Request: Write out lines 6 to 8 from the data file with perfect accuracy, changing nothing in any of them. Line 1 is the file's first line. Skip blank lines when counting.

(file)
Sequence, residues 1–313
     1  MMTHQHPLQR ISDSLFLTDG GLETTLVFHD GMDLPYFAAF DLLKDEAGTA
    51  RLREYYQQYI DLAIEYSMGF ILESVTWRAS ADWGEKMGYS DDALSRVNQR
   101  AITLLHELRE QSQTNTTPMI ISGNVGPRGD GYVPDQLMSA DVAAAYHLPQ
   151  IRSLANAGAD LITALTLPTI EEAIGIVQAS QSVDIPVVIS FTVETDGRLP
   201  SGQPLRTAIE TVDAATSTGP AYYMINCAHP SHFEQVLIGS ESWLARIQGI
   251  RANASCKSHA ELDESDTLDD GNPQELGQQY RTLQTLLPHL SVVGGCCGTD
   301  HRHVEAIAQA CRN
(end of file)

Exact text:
   201  SGQPLRTAIE TVDAATSTGP AYYMINCAHP SHFEQVLIGS ESWLARIQGI
   251  RANASCKSHA ELDESDTLDD GNPQELGQQY RTLQTLLPHL SVVGGCCGTD
   301  HRHVEAIAQA CRN